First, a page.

How much do Dental Implants Cost?

Sandy Springs Implant dentist near meThe cost of a dental implant is around $1,500 up to $1,800 placed.  Anything less may be an indicator that you’re getting an inferior product or one not designed for a particular location in your mouth.

Short term the implant device may appear to be fully functional.  But if we look at the cost and the cost of other materials for dental implants compared to their operational life, the difference may be likened to the difference between Toyo’s and Michelin tires.

Here again the initial cost may appear affordable, but in the  long run you are going to get a better result with how it functions and how long it lasts if your provider installs Michelins.

In our Sandy Springs office our goal to provide a single implant for about the same cost of a 3 unit bridge.  The benefits are:

  1.   preserving the underlying bone structure,
  2.   a more natural bite and
  3.   the ability to avoid cutting two healthy teeth to accommodate the bridged tooth.

We make the effort to do the right thing for our patients.  Please give us a call for your complimentary consultation.

Novy Scheinfeld, DDS, PC

ZoAnna Scheinfeld, MS, DMD

Hanna Orland, DMD

290 Carpenter Drive, 200A

Atlanta (Sandy Springs), GA 30328

404-256-3620

and

3718 Chamblee Dunwoody Road

Chamblee, GA 30341

770-455-6076

www.rightsmilecenter.com

info@rightsmilecenter.com

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Atlanta Dentist: Clark Howard or Real Oral Health Care?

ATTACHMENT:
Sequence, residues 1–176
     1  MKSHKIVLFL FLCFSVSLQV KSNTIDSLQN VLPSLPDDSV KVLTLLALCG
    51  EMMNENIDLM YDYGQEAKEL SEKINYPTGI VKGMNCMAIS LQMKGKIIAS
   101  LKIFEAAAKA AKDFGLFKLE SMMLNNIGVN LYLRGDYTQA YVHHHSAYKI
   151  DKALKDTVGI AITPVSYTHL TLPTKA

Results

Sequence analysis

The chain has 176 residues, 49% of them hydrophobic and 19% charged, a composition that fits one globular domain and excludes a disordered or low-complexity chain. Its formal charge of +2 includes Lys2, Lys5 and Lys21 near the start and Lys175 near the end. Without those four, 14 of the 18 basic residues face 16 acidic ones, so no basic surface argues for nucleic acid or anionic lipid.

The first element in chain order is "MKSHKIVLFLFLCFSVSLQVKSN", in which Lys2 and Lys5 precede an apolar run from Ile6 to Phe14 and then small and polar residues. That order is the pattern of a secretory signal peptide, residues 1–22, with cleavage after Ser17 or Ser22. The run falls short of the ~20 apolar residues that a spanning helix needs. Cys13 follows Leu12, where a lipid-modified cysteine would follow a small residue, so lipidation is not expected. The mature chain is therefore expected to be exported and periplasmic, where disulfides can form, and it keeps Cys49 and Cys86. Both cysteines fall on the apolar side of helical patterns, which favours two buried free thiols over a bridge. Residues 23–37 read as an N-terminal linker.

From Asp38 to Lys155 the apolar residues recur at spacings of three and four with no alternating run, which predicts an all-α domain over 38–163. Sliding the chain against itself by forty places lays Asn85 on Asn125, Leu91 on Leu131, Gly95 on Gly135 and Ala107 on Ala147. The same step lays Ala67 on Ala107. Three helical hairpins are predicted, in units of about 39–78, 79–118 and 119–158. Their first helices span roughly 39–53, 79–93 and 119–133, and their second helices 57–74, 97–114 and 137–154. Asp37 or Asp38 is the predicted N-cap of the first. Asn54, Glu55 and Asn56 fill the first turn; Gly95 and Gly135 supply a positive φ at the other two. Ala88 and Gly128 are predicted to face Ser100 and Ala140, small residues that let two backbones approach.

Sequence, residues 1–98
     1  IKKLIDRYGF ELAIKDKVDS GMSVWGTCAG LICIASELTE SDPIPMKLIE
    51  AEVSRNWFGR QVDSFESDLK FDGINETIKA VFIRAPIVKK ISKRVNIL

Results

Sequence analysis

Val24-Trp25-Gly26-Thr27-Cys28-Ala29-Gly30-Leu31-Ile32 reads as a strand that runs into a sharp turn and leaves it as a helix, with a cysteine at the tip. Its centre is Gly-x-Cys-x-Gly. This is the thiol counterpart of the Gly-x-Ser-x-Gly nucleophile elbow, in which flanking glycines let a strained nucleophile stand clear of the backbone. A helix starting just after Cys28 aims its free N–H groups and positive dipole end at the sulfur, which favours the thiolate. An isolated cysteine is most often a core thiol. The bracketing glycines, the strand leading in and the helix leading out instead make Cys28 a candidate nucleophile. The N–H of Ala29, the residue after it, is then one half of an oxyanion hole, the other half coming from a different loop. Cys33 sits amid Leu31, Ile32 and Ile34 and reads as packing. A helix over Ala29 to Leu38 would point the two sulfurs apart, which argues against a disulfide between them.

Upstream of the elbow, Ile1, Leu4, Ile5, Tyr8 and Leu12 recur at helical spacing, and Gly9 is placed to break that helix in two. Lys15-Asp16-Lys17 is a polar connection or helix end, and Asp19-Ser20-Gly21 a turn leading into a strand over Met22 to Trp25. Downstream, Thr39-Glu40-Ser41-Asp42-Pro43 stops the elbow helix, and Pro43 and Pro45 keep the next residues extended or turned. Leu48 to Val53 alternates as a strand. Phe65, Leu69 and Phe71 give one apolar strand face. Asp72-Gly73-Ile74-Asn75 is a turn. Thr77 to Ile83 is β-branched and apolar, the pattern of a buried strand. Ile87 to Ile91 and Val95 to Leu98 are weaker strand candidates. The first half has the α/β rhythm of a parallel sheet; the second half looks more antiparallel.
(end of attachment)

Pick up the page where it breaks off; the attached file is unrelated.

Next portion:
Atlanta Dentist near meIn response to Clark Howard’s opinion on dentists and mid-level providers, he’s dead wrong or could be.[1]  And he doesn’t understand the sector of patients who do and don’t seek to have proper oral health care.

Take my word for it, if Mr. Howard had a heart-attack today, price of care would be the last thing on his mind.  Do you really think he would negotiate before they installed the stint or after?[2]  His perspective is steeped in ignorance. The answer is not as Mr. Howard would suggest, devoting energy and time and money to creating a lesser trained dental provider to deliver a poor approximation of comprehensive dental care (in Georgia). [3]

His opinion comes from the lack of understanding of what a dentist is trained to do.  Clark Howard is living back in the 20’s, the 1820’s, where the only thing a dentist did was pull teeth and cut hair. But that’s not the case with your dentist in the 21st Century.

A recent example in our office was the discovery of suspicious cells on the underside of the patient’s tongue.  Ultimately, our discovery and recommendation  saved this patients life.  Our early detection of cancer comes from years of (university) training and experience that transcends the old view of what a dentist does for that 15 minute examination during your regularly scheduled hygiene appointment.  Contrary to your physician’s health care, the cost of delivering dentistry is under constant pressures from the free market system.  And the last thing my profession needs is being marginalized by the armchair quarterbacking of Clark Howard.

The answer to providing adequate and broad based oral health care lies in educating patients about the value of good oral health, who can best deliver the care, and how consumers can obtain and maintain that care.  Marred by an old view of dentists and dentistry, Mr. Howard is stuck in a mindset that all dentists do is just drill-and-fill.  There is much more to the art and science of dentistry than Clark Howard is remotely aware.  While he peddles that frugal baloney, I promise you he lives in a million dollar home and affords himself all of the luxuries  anyone making a million a year does.

What Clark Howard needs to tell you is that our society needs to understand the need to regularly maintain their oral health and that dental care for them and their families is not optional.  We need to instill in our society the need to maintain an oral health care regimen that includes visiting the dentist is a part of that regimen.  I find it interesting that Clark Howard wants to put you in a position where you bargain for your health care needs.[4]  Where he fails in his advice is to differentiate between oral health care and retail dentistry.